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First Italian-Built F-35B 'Rolls Out' of Cameri Production Facility

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posted on May, 6 2017 @ 01:19 PM
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Our partners in Italy have now rolled out their first F-35B, two years after they made their first A model. This is an ongoing partnership between Lockheed and Leonardo, and no doubt will complement their capabilities within NATO quite appropriately.
Full Hi-Res

Lockheed Martin
CAMERI, Italy, May 5, 2017 /PRNewswire/ -- The first Short Take-Off/Vertical Landing version of the F-35, or F-35B, assembled outside the United States rolled out of the Final Assembly and Check Out (FACO) facility here today.

The rollout exhibits the ongoing strong partnership between the Italian Ministry of Defense, industry partner Leonardo and Lockheed Martin (NYSE: LMT). The Italian FACO is owned by the Italian Ministry of Defense and is operated by Leonardo in conjunction with Lockheed Martin with a current workforce of more than 800 skilled personnel engaged in full assembly of the Conventional Take-off/Landing F-35A and F-35B aircraft variants and F-35A wing production.

Gen. Claudio Graziano, Italian chief of defense, Gen. Carlo Magrassi, secretary general of defense/director of National Armament, Adm. Mathias Winter, deputy program executive officer at the F-35 Joint Program Office, Filippo Bagnato, Leonardo Aircraft Division's Managing Director, and Doug Wilhelm, Lockheed Martin F-35 Program Management vice president, spoke at the milestone event.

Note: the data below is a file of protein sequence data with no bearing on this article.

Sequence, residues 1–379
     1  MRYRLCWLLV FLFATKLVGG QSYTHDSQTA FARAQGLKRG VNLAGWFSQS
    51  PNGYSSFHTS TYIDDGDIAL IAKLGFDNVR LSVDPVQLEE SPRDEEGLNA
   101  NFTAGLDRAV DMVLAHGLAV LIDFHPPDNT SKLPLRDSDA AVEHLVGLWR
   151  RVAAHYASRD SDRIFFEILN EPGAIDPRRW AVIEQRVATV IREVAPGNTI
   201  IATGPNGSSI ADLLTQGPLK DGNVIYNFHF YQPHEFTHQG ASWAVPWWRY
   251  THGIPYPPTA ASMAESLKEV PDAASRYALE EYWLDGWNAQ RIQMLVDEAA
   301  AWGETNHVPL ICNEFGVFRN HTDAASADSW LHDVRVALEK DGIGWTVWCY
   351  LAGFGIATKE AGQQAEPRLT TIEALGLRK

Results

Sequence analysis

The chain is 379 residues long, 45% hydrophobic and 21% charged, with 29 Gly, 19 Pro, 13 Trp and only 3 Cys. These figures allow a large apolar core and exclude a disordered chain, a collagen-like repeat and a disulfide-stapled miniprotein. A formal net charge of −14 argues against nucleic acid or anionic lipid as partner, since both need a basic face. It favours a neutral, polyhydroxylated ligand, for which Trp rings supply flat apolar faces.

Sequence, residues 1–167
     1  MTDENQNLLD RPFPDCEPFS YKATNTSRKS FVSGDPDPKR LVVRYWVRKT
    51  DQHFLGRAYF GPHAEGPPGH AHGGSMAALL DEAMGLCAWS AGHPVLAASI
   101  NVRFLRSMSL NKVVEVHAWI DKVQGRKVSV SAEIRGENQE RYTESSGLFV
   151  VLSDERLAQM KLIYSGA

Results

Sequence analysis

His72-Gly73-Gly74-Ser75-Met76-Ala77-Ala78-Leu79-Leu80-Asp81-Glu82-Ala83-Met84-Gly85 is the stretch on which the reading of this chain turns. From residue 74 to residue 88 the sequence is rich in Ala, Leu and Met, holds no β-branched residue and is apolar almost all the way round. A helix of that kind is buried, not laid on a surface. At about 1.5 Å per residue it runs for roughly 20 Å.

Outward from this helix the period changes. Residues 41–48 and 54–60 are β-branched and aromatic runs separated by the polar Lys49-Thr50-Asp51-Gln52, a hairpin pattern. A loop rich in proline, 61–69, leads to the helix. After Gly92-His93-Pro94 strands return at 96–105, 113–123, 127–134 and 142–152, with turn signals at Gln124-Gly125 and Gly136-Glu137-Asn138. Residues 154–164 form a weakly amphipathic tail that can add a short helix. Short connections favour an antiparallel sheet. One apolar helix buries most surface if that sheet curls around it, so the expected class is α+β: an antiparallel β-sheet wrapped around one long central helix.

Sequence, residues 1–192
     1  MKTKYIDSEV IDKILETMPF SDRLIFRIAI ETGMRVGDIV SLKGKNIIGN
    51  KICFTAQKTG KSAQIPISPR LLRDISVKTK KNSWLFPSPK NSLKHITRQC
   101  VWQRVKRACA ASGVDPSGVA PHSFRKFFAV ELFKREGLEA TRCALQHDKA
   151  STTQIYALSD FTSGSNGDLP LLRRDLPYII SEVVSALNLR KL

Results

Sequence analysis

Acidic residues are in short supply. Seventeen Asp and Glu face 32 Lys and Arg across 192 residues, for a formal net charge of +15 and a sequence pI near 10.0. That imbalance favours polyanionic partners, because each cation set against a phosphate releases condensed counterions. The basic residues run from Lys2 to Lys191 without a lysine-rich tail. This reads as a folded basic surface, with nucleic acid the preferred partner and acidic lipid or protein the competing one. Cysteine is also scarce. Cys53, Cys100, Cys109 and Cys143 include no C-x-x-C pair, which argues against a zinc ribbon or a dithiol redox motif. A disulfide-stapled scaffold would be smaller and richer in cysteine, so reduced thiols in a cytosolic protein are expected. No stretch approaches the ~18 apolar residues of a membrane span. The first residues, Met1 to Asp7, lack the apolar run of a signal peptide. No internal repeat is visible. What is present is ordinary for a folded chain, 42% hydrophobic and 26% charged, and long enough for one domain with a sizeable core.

"Italy is not only a valued F-35 program partner that has achieved many F-35 program 'firsts', but is also a critical NATO air component force, providing advanced airpower for the alliance for the coming decades," Wilhelm said. "Italian industry has participated in the design of the F-35 and Italian industry made components fly on every production F-35 built to date."

The jet's first flight is anticipated in late August and it is programmed to be delivered to the Italian Ministry of Defense in November.

Here is a video from when they first rolled out the F-35A in 2015.




posted on May, 6 2017 @ 02:12 PM
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Pretty soon these big aero companies will be outsourcing all the jobs building planes.